Along similar lines, Robert Eggers’ astoundingly frightening “The Witch” takes a fairly basic scenario — 1600’s-era family lives in the woods and encounters ominous forces — and turns it into a fresh, uniquely creepy look at familial dysfunction and growing up. Using materials from the era to create a heightened sense of authenticity, Eggers grounds his supernatural tale in a form of familiarity that heightens the dread. It’s one of the most impressive debuts in years: a movie that gives us something we’ve seen before with a confidence that reinvents its appeal.
Some of the predictable material was better than one might assume: Another Swanberg, Joe’s wife Kris, arrived in competition with the traditional but well-executed “Unexpected,” the story of a young high school guidance counselor who insists on helping a pregnant teenager apply to college. Kris Swanberg’s earlier films, which include the tender 2009 travelogue “It Was Great, But I Was Ready to Come Home,” have shown a perceptive eye but featured relatively thin storylines; “Unexpected” is comparatively mainstream, but it’s a savvy version of it. While Cobie Smulders offers a believable turn as the good-natured counselor, who herself winds up pregnant and questioning her long-term goals, newcomer Gail Bean does an especially proficient job as the black teen on the receiving end of Smulders’ support. The sweet, conventional story arc feels quietly progressive in its ability to deal with class barriers in a credibly down-to-earth fashion. It’s promising to find that one of the most conventional movies in Sundance competition still attempts to provide an alternative to dominant American movies.
Shocking the System
But some of the best movies at Sundance are unlikely to come to any theaters near you. Stick figure mastermind Don Hertzfeldt’s animated “World of Tomorrow,” which won the Grand Jury Prize of the short films earlier in the week, follows the psychedelic experiences of a young woman contacted by her clone from an alienated future in which time travel and other technological advancements have yielded an empty, disconnected society. One of the rare uses of bright, colorful techniques in Hertzfeldt’s filmography, “World of Tomorrow” blends the playfully bleak outlook on mortality found throughout Hertzfeldt’s oeuvre with a vivid imagination. It’s always exciting to see filmmakers like Hertzfeldt, year after year, delivering original, visionary work that lies squarely outside of traditional marketplace expectations.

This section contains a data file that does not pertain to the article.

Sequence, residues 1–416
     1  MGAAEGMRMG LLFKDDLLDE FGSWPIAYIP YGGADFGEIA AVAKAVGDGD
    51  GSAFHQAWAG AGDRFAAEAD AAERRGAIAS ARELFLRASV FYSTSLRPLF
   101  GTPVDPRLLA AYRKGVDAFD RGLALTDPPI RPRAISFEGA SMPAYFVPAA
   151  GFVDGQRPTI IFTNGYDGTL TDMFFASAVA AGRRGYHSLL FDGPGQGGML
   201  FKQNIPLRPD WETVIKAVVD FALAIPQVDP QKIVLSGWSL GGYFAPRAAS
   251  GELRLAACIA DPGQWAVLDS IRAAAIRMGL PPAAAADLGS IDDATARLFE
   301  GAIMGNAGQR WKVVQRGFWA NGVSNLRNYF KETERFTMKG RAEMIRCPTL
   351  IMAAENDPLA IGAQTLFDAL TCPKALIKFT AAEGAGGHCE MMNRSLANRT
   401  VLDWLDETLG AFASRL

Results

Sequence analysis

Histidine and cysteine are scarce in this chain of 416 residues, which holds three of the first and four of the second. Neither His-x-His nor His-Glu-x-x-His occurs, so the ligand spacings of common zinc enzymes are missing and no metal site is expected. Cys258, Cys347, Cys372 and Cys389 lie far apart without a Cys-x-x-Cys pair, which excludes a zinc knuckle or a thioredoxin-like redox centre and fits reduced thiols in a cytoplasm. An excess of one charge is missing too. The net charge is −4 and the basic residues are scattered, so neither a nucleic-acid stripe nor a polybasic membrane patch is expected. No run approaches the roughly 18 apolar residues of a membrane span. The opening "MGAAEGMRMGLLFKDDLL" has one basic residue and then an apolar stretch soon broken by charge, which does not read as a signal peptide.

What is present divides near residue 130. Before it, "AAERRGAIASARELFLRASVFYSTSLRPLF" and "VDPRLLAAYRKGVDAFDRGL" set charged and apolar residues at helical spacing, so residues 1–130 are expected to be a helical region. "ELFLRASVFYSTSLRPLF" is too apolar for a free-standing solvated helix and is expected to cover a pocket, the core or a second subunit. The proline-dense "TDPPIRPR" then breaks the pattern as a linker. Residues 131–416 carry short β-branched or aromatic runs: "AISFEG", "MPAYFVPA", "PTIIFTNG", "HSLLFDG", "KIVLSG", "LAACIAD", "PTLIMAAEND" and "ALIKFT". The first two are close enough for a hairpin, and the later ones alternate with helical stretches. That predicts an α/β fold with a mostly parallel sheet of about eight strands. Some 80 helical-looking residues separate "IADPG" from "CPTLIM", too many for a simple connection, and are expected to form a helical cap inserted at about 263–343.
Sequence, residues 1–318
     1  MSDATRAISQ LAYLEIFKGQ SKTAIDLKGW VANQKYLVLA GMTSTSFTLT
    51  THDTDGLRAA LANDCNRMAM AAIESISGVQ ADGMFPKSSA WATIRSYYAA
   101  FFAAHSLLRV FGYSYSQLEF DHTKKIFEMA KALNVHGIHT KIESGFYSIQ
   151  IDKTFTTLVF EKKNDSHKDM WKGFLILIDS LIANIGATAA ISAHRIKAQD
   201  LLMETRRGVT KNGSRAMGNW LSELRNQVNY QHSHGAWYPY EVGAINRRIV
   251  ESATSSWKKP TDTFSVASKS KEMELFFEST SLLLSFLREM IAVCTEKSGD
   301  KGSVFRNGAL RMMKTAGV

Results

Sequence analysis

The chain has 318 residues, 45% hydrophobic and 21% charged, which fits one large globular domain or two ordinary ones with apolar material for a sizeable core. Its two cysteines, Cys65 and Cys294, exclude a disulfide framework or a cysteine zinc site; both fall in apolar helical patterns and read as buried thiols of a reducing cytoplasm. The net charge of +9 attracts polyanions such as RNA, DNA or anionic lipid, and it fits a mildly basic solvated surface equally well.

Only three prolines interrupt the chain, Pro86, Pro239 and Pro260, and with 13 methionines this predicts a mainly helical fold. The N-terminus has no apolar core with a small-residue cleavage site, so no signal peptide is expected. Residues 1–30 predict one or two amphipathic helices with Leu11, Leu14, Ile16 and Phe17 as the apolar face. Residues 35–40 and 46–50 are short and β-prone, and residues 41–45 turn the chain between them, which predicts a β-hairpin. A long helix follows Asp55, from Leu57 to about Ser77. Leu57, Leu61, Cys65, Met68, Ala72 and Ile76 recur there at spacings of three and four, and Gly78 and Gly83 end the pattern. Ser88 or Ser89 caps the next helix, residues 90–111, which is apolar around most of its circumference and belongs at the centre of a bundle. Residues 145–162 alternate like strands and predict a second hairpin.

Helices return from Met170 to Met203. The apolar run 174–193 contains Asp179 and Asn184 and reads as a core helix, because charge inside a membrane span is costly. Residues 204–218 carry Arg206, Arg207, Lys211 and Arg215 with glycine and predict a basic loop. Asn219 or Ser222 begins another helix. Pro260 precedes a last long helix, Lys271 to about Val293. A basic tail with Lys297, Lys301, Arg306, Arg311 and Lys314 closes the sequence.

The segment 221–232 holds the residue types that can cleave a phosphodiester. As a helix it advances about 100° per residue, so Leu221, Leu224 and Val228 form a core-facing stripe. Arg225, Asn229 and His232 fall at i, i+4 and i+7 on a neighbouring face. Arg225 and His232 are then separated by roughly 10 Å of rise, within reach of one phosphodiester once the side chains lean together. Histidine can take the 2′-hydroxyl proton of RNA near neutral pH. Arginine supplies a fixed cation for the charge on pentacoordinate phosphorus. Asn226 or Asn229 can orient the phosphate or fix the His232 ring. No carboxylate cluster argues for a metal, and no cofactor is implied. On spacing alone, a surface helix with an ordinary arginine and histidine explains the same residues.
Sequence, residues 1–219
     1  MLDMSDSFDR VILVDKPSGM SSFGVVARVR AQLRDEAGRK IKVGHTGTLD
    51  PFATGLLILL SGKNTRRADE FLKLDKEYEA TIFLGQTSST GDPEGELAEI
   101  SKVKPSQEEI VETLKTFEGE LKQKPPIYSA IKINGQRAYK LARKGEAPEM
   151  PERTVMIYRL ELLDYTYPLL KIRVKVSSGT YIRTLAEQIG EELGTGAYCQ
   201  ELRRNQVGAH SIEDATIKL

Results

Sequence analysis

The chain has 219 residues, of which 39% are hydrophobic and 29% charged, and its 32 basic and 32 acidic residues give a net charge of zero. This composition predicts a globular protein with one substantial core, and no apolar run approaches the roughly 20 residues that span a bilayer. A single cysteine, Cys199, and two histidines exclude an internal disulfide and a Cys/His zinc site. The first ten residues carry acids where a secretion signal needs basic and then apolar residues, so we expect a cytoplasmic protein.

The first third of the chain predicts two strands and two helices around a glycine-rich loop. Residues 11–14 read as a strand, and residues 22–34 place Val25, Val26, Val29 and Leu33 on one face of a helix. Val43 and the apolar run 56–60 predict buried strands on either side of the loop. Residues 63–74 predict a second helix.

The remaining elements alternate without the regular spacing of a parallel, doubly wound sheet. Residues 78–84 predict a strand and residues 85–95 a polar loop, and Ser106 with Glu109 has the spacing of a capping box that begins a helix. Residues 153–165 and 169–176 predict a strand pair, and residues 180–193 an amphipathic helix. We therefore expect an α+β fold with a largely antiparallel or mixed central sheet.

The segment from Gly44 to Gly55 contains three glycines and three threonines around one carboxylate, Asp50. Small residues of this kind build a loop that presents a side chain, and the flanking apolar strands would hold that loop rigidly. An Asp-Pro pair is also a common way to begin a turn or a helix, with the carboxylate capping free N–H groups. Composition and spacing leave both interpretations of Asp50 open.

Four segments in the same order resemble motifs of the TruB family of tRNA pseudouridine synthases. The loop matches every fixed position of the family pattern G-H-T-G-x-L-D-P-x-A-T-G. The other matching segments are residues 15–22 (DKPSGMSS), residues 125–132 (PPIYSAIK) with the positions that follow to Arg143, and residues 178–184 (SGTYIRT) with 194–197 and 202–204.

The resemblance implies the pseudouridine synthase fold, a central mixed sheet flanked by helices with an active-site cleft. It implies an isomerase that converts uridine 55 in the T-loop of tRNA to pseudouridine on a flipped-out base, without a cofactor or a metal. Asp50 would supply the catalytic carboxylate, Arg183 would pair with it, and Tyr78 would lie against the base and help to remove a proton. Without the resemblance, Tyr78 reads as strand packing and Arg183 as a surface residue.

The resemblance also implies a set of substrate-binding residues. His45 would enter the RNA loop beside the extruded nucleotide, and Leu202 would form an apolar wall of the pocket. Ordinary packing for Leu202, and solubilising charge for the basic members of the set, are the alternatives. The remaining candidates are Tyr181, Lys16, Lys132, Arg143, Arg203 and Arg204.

The same appealing traits could be found with Guy Maddin’s “The Forbidden Room.” The Canadian director’s outlandish collage of several overlapping surrealist narratives defies any precise definition: men trapped in a submarine, sacrifices to volcano gods, escapes from captivity by way of dreaming, an educational film about bathtubs, all rendered in expressionistic colors and a moody sound design. “The Forbidden Room” runs too long and takes a few too many inexplicable twists, but its deranged, labyrinthine plotting never loses its connection to a purpose — cinema, liberated from the tyranny of any expectations outside of the people making it on their own terms.
And it’s that artistic confidence, more than any major sale, that made the best Sundance titles stand out. If the success of “Me and Earl and the Dying Girl” plays into traditional Sundance mythology, Sebastian Silva’s “Nasty Baby” delivers a naughty rebuke to it. Silva, a Sundance regular whose “The Maid” and “Old Cats” were terrific black comedies about domestic lives gone awry, returns to form following the uneven Michael Cera vehicles “Crystal Fairy” and “Magic Magic.” Those movies, which both landed at Sundance two years ago, showed two sides of the director’s tendencies: loopy comedy and a mysterious sense of dread surrounding human behavior. “Nasty Baby” brilliantly combines those two qualities to offer a wry examination of urban life and privilege from the inside out.
Initially, the movie focuses on Brooklyn performance artist Freddy (Silva) who desperately wants to have a baby with his best friend (Kristen Wiig) and his partner (Tunde Adebimpe). At the same time, Freddy plans an absurdly over-the-top installation piece involving nudity and baby sounds to express the topic on his mind. It’s all a bit grating in its straightforward, blithe depiction of self-involved city dwellers until a shocking third act twist that calls into question the stability of everything leading up to it.
One of the most exciting aspects of “Nasty Baby” playing at Sundance was the divisive response it inspired from many audiences. Some were eager to embrace the relatively tame story of aspirational parenthood that dominates its earlier scenes, and rebelled against the darker events by walking out of the theaters. Others, like me, perked up and smiled. The movie was a slap in the face to anyone who felt smarter than its easygoing charms.
“Nasty Baby” epitomizes the sneaky appeal of Sundance that lies beyond its obvious hooks: No matter the simplistic assumptions surrounding the most popular titles, there are always surprises lurking in every category. These diverse options reflect today’s cluttered times, when customization has greater value than ever before. The variability of Sundance quality meant that it was a healthy year for every sensibility if you knew where to look. Deals may still rule perceptions of Sundance’s appeal, but the program tells a different story — or, rather, many of them at once.